Hello everyone, I discovered a bug yesterday and I posted it at the bug tracker:
I also made a simple script which can be used to reproduce the bug:
CreateVariable() ConsoleWrite($sGlobalVariable & @CRLF) Func CreateVariable() Global $sGlobalVariable = "Foobar" EndFunc The bug was closed by @BrewManNH:
While I partially agree with the above statement, My code was not practical enough... so @mLipok advised me to create a thread on the forums with practical code (Thanks!). That is the point of this thread, I am going to provide the code where I experience this bug/problem .
I discovered this bug when I was working on one of my projects called "ProxAllium". When the main script finishes execution, Au3Check throws a nasty warning about "variable possibly used before declaration":
As you can see, the variable is indeed being used after calling the function in which the variable is declared... The warning won't appear if I declare the function ABOVE the variable. As @BrewManNH said, Au3Check reads line by line... I think this should be changed, Au3Check should not throw warnings if the interpreter is able to run the code, at least most of the time anyway!
So what do you guys think? Is this a valid bug?... and I request those who participate in the discussion not to discuss the code being "poor", that is another thing/thread in itself
P.S I had already written this once but the forum editor decided to mess up and when I undid (Ctrl + Z) something... This is a poorly written version of that article, I was very frustrated while writing this!
I'm trying to use #OnAutoItStartRegister to modify the Global variable, but it seems it doesn't work, is that on purpose, that those callback functions cannot modify anything except in their own scope?
This is the error message I got: "Cannot make existing variables static."
I'm trying to use static variable as a means to iterate a section of my script.
while 1 global $initial, $constant = 1 $x = $initial + ($constant * SomeFunc()) msgbox(0, '', $x) wend func SomeFunc() global static $counter = -1 $counter += 1 return $counter endfunc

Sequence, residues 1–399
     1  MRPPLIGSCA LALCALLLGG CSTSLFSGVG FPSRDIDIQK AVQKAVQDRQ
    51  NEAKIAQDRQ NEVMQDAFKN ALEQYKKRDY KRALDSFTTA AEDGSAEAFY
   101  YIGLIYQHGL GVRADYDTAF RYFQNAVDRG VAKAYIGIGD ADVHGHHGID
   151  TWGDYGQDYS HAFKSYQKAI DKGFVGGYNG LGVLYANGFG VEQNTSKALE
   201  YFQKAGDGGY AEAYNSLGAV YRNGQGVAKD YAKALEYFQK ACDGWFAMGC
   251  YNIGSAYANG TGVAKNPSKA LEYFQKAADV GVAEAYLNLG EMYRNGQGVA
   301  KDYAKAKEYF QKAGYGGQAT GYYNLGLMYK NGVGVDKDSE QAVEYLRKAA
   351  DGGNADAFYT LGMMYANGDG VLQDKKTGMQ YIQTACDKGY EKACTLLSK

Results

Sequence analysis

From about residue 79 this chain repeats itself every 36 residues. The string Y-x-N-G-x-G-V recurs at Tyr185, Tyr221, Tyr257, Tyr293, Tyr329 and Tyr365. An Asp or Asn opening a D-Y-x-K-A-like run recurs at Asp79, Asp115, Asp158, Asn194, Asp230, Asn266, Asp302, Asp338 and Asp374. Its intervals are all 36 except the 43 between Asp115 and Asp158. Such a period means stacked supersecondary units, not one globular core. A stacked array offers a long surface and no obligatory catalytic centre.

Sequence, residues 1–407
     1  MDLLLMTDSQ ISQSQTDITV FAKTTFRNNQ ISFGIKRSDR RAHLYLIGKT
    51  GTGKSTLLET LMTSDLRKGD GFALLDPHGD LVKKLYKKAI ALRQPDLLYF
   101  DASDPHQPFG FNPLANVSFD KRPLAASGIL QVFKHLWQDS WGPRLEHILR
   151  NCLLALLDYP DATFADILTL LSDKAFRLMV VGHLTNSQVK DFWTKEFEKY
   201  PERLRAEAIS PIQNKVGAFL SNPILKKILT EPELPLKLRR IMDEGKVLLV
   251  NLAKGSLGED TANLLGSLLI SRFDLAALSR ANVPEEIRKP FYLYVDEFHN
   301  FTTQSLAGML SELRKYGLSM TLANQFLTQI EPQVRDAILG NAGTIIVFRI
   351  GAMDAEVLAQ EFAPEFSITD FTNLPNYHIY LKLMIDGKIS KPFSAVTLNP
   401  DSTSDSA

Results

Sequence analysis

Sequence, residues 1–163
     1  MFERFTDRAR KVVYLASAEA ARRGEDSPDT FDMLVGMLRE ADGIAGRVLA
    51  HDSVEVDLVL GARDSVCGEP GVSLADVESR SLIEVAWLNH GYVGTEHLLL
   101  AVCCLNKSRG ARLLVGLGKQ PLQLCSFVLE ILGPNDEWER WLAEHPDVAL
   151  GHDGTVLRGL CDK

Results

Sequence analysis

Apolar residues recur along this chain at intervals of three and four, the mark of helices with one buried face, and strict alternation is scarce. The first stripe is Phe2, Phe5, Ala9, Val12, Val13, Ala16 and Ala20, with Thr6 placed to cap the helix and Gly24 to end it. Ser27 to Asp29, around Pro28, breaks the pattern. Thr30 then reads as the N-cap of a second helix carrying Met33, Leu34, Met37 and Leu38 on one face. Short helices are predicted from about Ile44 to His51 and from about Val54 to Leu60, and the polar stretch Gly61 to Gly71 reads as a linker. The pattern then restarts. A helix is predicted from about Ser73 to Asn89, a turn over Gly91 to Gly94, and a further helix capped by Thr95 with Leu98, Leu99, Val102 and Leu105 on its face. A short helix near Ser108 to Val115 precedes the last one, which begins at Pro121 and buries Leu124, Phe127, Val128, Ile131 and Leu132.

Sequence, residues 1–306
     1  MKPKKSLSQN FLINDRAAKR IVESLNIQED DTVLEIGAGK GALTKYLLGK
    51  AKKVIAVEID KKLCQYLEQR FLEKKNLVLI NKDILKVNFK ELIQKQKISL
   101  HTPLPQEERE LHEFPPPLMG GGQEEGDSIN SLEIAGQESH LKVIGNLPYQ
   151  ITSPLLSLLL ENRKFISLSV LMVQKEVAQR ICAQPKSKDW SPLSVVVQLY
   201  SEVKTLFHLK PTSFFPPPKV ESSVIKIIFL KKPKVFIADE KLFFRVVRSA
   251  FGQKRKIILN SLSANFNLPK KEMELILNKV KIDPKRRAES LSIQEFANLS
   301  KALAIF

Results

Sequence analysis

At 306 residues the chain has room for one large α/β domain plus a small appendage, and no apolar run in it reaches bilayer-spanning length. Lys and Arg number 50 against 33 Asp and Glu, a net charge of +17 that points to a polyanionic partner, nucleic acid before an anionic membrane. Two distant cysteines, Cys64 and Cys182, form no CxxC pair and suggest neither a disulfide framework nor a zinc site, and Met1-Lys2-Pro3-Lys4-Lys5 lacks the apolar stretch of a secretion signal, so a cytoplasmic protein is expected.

An example (or one variation at least) that I created in a discussion we (devs/mods) were having about protecting global variables.
; An enumeration for the getters and setters, as I hate having to write zero and one Global Enum $VERSION_WRAPPER_GET, $VERSION_WRAPPER_SET ; Unused, as I have hidden behind functions, so users who might feel the need to do this $g_iVersion = 'Haha, I''m no a number', can't! ; Global $g_iVersion = 0 ; Basically this is encapsulation and is just one of many principals found in Object Oriented Programming (OOP) ; NOTE: There is no way for me to access the "global" version variable without using the _Get/Set_Version() function(s) Example() Func Example() ; Set to 10, as only integer datatypes are allowed _Set_Version(10) ; Displays 10 ConsoleWrite('1. ' & _Get_Version() & @CRLF) ; Set to a non-digit. Such a bad user/dev! _Set_Version('Not a number') ; Displays 10, as a string was passed previously that wasn't valid ConsoleWrite('2. ' & _Get_Version() & @CRLF) ; Call another function to show that it's not just visible within this function Another_Func() ; Displays 99, which was previously set in the Another_Func() ConsoleWrite('4. ' & _Get_Version() & @CRLF) ; If the variable located in __Version_Wrapper() was purely a global variable, then anything could be assigned to it ; without proper checking. As you can see below, the variable is only assigned to when certain criteria is met ; Before someone mentions performance, you have to weigh up the pros and cons of such a design choice. If you really need data to be protected ; from your users mingling with it, then this is one of many correct approaches to encapsulate data. Otherwise if you're not concerened, then ; maybe it's not for you. You're the developer when it comes down to it EndFunc ;==>Example Func Another_Func() ; Displays 10 ConsoleWrite('3. ' & _Get_Version() & @CRLF) ; Set to 99 and return back to the previous function i.e. Example() _Set_Version(99) EndFunc ;==>Another_Func ; Getter Func _Get_Version() Return __Version_Wrapper($VERSION_WRAPPER_GET) EndFunc ;==>_Get_Version ; Setter Func _Set_Version($iVersion) Return __Version_Wrapper($VERSION_WRAPPER_SET, $iVersion) EndFunc ;==>_Set_Version ; This is a wrapper for the local static variable that will be visible only in the function and for the duration of the application's ; lifecycle ; $iType: Either $VERSION_WRAPPER_GET or $VERSION_WRAPPER_SET ; $iVersion: Used when the type is $VERSION_WRAPPER_SET Func __Version_Wrapper($iType, $iVersion = Null) ; Create a local static variable and initialise to 0 Local Static $s_iVersion = 0 Switch $iType Case $VERSION_WRAPPER_GET ; Getter Return $s_iVersion Case $VERSION_WRAPPER_SET ; Setter ; Now is the chance to check if the value meets certain criteria e.g. [0-9]+ and not a string datatype If StringRegExp($iVersion, '^\d+$') And Not IsString($iVersion) Then $s_iVersion = $iVersion EndIf EndSwitch ; Return null by default, especially if the type is as a setter Return Null EndFunc ;==>__Version_Wrapper